Remember when Acting Principal Deputy Assistant Attorney General Trevor McFadden stated that it was the DOJ’s “intent … for our FCPA investigations to be measured in months, not years.”
This statement was made four years ago this week (see here for the prior post).
However, like much DOJ rhetoric surrounding the FCPA, it was just empty words. As highlighted below, since the DOJ’s statement of intention it has resolved approximately 30 corporate enforcement actions and the average length of time a company has been under FCPA scrutiny has been approximately 4.25 years.
In pertinent part, McFadden stated:
“We are also making a concerted effort to move corporate investigations expeditiously, and we expect cooperating companies to do so as well. This will maximize our ability to bring cases against responsible individuals, before applicable statutes of limitations have run or evidence is lost. Of course, this should also be good for cooperating companies. No executive wants to deal with a lingering government investigation or the associated costs and distraction from the company’s mission. Over the last few years, we have hired additional trial attorneys in the Criminal Division’s Fraud Section’s FCPA Unit to help investigate cases more quickly, and the Fraud Section leadership and I are focused on wrapping up old investigations. We expect cooperating companies to work with us to prioritize internal investigations and to respond to Fraud Section requests promptly to ensure there are no unnecessary delays. My intent is for our FCPA investigations to be measured in months, not years.”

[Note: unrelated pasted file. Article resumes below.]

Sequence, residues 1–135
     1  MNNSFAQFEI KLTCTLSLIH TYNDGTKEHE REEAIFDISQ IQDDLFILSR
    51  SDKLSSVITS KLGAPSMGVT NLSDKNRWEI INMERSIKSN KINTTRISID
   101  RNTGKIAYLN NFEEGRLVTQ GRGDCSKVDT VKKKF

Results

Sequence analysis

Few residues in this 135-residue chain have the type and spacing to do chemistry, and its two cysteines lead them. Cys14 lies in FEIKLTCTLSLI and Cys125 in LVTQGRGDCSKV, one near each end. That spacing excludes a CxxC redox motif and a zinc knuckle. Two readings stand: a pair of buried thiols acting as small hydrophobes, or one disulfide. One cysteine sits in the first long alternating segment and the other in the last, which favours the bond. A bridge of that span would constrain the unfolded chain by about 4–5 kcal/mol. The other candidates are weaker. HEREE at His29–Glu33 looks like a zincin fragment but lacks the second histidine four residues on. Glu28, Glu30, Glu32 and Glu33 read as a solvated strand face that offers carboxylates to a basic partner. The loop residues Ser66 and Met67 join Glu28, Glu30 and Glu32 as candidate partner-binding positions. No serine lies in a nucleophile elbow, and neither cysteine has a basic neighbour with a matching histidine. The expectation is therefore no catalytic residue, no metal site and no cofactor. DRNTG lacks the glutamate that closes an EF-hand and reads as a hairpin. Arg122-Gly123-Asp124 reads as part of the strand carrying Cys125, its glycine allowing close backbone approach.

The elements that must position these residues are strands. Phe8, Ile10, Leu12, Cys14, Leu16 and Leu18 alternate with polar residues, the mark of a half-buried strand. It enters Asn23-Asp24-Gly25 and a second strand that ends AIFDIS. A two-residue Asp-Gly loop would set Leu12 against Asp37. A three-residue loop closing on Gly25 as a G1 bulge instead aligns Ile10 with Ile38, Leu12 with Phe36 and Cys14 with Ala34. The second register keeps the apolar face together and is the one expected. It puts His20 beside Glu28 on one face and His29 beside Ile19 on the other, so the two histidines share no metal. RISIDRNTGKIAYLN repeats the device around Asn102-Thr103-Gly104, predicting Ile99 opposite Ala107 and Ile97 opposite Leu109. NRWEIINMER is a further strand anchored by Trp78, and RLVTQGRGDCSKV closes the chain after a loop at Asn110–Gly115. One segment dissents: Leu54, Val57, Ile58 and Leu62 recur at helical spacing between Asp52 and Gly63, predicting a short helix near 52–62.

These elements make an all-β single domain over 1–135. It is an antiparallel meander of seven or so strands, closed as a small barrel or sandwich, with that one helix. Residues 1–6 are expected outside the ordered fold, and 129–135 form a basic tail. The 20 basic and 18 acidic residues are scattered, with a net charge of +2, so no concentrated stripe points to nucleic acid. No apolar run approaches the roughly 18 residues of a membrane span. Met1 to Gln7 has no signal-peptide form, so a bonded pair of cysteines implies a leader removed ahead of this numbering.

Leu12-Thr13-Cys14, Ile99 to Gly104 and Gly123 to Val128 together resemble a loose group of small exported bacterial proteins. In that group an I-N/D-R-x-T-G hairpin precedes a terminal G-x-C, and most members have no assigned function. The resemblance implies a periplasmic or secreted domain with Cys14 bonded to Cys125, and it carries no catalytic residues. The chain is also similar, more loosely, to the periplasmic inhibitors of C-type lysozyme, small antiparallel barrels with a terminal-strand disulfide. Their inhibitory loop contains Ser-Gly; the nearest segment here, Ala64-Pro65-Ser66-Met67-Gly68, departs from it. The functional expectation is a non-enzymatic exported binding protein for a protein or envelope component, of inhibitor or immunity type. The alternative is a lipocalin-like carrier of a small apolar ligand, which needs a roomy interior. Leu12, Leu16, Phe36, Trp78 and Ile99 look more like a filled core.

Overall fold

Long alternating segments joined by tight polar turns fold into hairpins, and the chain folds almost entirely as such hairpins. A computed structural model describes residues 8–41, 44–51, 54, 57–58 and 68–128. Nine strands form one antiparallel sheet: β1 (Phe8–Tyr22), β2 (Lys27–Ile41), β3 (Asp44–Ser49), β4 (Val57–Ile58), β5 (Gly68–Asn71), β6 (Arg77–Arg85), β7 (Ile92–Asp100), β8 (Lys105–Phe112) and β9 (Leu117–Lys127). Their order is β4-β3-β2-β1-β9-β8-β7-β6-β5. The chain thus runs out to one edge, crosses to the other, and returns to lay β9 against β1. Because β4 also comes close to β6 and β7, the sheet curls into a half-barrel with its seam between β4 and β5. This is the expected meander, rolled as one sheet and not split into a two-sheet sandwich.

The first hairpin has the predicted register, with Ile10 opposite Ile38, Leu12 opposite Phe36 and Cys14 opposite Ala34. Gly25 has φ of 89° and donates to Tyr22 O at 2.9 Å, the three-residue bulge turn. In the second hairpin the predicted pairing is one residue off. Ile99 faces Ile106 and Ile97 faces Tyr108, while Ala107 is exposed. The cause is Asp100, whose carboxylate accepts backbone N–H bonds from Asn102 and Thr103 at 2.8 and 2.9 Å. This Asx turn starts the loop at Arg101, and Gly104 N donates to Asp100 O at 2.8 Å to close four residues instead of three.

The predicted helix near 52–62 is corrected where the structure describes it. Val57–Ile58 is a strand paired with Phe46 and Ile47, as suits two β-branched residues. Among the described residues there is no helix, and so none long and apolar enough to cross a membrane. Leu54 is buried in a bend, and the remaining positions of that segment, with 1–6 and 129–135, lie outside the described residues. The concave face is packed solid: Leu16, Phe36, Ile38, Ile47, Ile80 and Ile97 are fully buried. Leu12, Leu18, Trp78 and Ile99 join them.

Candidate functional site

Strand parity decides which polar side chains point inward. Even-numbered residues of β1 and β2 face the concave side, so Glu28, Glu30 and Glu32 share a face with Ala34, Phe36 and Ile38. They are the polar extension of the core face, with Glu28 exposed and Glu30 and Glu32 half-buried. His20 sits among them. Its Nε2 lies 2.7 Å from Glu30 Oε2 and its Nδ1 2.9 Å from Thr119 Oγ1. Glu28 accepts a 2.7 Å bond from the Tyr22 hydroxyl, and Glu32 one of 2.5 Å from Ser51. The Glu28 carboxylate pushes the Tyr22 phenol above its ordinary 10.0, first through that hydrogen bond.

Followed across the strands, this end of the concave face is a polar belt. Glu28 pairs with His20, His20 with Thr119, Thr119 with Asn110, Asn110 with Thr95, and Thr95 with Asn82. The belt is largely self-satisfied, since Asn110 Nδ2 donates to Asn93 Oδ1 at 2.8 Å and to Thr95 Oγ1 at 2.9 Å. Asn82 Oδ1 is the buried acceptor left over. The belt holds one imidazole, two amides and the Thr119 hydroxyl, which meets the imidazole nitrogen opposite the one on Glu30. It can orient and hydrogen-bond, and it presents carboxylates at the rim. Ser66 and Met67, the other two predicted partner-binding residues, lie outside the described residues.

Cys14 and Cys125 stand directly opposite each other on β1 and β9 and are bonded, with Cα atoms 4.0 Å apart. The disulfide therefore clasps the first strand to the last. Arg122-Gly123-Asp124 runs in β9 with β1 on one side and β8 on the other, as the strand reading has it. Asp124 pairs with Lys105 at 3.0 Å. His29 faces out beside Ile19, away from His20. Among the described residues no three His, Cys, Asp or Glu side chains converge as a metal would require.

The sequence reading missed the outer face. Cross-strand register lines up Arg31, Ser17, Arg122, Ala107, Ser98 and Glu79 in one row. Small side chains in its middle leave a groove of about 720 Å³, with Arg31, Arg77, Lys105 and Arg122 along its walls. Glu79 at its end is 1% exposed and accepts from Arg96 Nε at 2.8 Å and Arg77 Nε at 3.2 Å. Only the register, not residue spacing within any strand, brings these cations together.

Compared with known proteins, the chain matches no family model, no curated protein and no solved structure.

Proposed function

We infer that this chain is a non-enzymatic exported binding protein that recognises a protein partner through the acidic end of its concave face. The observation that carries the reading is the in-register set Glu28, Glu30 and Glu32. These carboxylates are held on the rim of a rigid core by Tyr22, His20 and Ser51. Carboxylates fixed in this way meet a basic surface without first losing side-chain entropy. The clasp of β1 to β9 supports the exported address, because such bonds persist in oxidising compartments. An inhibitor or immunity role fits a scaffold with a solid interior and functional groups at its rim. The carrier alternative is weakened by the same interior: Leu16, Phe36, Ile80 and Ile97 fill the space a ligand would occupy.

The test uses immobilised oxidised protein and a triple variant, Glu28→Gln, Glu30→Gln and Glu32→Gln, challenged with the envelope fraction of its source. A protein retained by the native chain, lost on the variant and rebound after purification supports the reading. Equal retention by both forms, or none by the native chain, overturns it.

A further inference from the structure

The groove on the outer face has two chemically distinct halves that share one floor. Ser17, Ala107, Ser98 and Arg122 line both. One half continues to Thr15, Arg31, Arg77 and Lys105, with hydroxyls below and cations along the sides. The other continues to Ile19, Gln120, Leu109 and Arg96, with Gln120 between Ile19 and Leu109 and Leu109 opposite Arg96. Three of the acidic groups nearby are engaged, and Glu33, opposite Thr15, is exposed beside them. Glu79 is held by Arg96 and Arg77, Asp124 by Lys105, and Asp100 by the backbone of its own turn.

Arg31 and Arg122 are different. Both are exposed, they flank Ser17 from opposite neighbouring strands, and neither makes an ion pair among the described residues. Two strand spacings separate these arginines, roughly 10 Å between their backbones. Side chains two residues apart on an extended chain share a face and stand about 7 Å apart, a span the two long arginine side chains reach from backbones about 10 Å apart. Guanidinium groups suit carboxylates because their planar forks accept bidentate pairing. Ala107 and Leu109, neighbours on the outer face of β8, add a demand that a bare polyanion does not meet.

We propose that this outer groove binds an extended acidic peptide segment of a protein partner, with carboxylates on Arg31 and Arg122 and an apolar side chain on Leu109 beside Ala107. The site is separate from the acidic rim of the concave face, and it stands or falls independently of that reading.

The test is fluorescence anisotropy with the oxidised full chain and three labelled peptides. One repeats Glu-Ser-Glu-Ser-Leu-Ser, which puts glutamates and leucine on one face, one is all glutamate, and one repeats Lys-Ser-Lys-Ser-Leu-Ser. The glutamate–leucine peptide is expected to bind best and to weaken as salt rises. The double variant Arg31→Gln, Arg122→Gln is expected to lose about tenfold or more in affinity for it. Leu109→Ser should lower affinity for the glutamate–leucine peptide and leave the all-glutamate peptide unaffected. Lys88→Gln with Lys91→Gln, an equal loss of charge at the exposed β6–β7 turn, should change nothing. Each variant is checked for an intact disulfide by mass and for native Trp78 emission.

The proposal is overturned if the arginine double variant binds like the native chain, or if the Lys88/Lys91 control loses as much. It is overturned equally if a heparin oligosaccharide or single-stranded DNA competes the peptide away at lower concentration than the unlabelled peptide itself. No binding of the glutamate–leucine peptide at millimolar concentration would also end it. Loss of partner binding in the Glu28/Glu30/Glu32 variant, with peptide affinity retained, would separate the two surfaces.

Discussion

The prior post noted that the DOJ statement should be welcome news to the business community, but that “actions speak louder than words and a wait and see approach [was] most prudent as the DOJ has been saying the same general thing for a couple of years now.”
Four years since the DOJ stated an intent for its “FCPA investigations to be measured in months, not years,” what has actually happened?
There have been approximately 30 DOJ corporate enforcement actions. In certain of the enforcement actions, it was not possible to calculate the length of scrutiny based on information in the resolution documents and/or public domain. However, in most enforcement actions it was possible to calculate the length of time a company was under FCPA scrutiny as set forth below.
- Keppel Offshore & Marine – 1.5 years
- Vitol – 2 years
- Cognizant Technology Solutions – 2.5 years
- J&F Investimentos – 3 years
- Technip 3.25 years
- Herbalife – 3.5 years
- Airbus – 3.75 years
- Novartis – 4 years
- Petrobras – 4 years
- Samsung Heavy Industries – 4 years
- Societe Generale – 4.25 years
- Credit Suisse – 4.5 years
- Goldman Sachs – 5 years
- Telia – 5 years
- MTS – 5 years
- Panasonic – 5.5 years
- Beam – 6 years
- Ericsson 6 years
- Fresenius – 6.5 years
- Microsoft – 6.5 years
- Walmart – 8 years